Another great Knick who lost time due to military service. Unlike his longtime backcourt mate Braun, Richie Guerin was hitched with the Marines not the Army. After his two-season military delay, Guerin kicked off his NBA career at age 24 in 1956. By the time he was traded to St. Louis in 1963, the 6’4” guard had set quite a few franchise records concerning points and assists:

  • 2303 points in the 1961-62 season (now second place)

  • 29.5 PPG in 1961-62 (now second place)

  • 57 points in a game on December 11, 1959 (now third place)

  • 21 assists in a game on December 12, 1958 (now second place)

Plus his 539 assists in the 1961-62 season were just three behind Dick McGuire’s 542 from 1954-55 for the franchise record at the time.

Hailing from the Bronx this fiery guard, also able to play on and off the ball like Brooklyn-born Braun, was a menace for opponents. Unfortunately, by the time he showed up in the late 1950s, the Knicks were on a downward swing. So his heroics were largely for naught since the Knicks kept drafting inept center after inept center and were never able to pair Guerin and forwards Willie Naulls and Kenny Sears with a top-notch low-post presence.

As you can see from his All-NBA and All-Star selections, contemporaries knew Guerin was not one to mess with on the court and was sensational.


#11 Harry Gallatin (1948-1957)

Hall of Fame—All-NBA 1st Team—All-NBA 2nd Team—7x All-Star—3x NBA Finalist

Like Braun, Gallatin got an early start on his pro career. At 21 years of age, he debuted with the Knicks in 1948. Known for his powerhouse rebounding, “Harry the Horse” was a banger and perennial All-Star for the Knicks in the 1950s. And he never had a military stint to interrupt or delay his Knicks career. Finally!

In 1954 he led the league with 15.3 rebounds per game and never failed to average at least 10 per contest. Well, we have to assume that. Rebounds weren’t tracked until the 1950-51 season, so Gallatin’s first two years are unknown in terms of boards snared. But for all the seasons we do have records, Harry was dominating the glass.

Unfortunately, like his frontcourt mate Clifton, Gallatin was three times defeated in the NBA Finals. The Royals beat the Knicks in seven games in 1951—after New York came back from a 3-0 series deficit. Then in 1952 and ‘53, the Lakers did the honors.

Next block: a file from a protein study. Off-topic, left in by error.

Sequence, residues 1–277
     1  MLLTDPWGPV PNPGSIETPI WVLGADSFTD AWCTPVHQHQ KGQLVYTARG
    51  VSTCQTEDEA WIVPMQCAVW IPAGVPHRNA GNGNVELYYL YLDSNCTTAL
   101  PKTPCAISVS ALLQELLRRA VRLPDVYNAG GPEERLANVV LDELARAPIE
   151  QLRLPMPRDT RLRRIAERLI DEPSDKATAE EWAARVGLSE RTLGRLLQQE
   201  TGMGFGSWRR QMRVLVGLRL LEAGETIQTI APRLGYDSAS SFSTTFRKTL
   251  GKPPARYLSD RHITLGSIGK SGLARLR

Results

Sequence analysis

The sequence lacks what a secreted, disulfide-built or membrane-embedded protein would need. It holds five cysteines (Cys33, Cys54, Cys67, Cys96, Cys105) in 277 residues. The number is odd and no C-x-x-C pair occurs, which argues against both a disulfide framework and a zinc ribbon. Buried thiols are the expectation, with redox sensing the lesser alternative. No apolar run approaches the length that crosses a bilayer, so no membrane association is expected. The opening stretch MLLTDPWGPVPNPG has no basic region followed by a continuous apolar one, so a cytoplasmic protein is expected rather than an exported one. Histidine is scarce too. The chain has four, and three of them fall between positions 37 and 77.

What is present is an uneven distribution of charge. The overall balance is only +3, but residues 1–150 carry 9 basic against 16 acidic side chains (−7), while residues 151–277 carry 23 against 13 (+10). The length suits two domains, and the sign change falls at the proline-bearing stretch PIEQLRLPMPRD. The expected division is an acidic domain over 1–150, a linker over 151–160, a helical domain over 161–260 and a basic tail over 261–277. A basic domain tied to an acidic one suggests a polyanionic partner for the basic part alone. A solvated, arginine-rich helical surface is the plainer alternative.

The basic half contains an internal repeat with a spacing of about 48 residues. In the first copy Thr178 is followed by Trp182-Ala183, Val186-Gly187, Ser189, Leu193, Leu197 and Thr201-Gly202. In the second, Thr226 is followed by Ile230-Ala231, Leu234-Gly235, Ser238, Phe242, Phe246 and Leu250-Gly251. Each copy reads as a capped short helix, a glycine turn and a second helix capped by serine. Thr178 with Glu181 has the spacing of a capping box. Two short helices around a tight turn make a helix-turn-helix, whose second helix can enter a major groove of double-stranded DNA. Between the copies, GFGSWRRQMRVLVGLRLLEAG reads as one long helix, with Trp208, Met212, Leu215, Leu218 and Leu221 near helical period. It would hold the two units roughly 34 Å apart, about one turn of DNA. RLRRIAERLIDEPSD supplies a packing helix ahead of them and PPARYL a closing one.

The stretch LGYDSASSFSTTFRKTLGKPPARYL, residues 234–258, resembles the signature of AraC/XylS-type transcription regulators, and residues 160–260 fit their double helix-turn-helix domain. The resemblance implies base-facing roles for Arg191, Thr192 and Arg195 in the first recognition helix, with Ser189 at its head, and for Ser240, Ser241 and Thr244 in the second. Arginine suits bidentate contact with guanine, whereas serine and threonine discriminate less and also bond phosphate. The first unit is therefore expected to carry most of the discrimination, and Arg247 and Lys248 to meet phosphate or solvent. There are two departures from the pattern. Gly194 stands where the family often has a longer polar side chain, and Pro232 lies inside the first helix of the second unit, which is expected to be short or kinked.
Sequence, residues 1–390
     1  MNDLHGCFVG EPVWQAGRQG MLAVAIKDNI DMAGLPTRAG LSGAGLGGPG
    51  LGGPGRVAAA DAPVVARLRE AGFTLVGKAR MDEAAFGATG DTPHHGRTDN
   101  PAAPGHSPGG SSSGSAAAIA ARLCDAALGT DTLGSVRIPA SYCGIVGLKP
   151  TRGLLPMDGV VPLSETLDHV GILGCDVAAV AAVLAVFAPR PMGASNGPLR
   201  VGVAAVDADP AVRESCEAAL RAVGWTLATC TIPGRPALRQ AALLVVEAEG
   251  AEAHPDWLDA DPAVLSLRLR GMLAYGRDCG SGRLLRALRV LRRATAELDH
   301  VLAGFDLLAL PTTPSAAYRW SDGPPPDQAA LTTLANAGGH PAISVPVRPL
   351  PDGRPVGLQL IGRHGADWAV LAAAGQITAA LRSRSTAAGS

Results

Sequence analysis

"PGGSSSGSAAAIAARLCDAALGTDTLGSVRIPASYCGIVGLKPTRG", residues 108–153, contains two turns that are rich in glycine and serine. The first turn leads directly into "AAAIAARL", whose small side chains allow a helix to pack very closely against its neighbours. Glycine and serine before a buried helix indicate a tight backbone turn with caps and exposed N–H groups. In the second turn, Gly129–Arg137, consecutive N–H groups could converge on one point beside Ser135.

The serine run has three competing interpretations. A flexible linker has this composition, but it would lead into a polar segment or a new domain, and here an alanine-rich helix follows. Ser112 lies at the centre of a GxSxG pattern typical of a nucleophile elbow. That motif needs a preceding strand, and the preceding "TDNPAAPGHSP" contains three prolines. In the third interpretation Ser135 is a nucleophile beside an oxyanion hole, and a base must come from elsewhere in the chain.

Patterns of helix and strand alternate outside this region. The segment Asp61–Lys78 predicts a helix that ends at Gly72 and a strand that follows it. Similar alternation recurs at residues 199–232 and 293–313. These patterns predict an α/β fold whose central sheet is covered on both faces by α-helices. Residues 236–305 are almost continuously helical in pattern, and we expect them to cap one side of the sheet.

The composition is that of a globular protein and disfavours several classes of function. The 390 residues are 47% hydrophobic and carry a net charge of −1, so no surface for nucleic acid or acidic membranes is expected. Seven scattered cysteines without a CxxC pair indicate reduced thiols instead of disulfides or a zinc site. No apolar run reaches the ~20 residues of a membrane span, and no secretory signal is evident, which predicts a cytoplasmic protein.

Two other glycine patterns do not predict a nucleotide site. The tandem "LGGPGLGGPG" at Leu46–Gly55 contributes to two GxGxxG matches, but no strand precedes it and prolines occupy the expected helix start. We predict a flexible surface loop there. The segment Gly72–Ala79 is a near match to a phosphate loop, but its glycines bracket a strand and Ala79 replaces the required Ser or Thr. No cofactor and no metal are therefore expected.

As great as he and Clifton were, they were both just 6’6” and the 6’10” George Mikan along with the 6’7” Vern Mikkelsen gave Minneapolis an edge they couldn’t best. No shame in that, though. No other team ever really did so either.


#30 Bernard King (1982-1987)

Hall of Fame—2x All-NBA 1st Team—2x All-Star

Honestly, the only persistent bright spot in the 1980s for the Knicks and even then King’s impact really felt for just three seasons. But the dude put in some work those three prime years.

Hell, King finished second in MVP voting behind Larry Bird in 1984. And his playoff run that year is one of the greatest in basketball history. Four consecutive 40-point games versus the Pistons in the first round. In the semi-finals versus Boston he continued carrying the club. They managed to take the eventual NBA champions to a seventh game. Not trying to be mean, but Bill Cartwright was the only other player on the club you could semi-trust and they somehow got Bird, McHale, Parish, Dennis Johnson and the gang to seven games.

Yeah, the somehow was Bernard King with his Mack truck fast break dunks and unstoppable low-post turn around jumpers.

By the way, he’s the man who took Richie Guerin’s single-season PPG crown. 32.9 PPG in the 1985 season before he blew out his knee. After two years of rehab, he appeared in six more games with the Knicks late in the 1987 season where he promptly averaged 23 PPG on 50% shooting. New York still didn’t bother to keep him.

A crappy ending to his time as a Knick.


#34 Charles Oakley (1988-1998)

All-Defensive 1st Team—All-Defensive 2nd Team—All-Star

He’s the worst basketball player on this list (remember this is relative, so being the worst here is still pretty damn good!).

But it’s motherf*cking Charles Oakley!

Oak gave the Knicks a decade of bad-ass defense, stone-cold rebounding, an ironclad backbone, and superb haircuts. Honestly go check it out. Whether high-top fade, SUPER high-top fade, mini-fro, clean-shaven, bearded, or buzzcut, Oakley’s hair was always on-point.

*Ahem*

Anyways, whenever Dolan is up outta there, first order of bidness is to raise Oakley’s number 34 to the rafters.

Okay, well, maybe Richie Guerin first. That dude is almost 90 years old. Honor him before he croaks. Then get to Oak and the rest.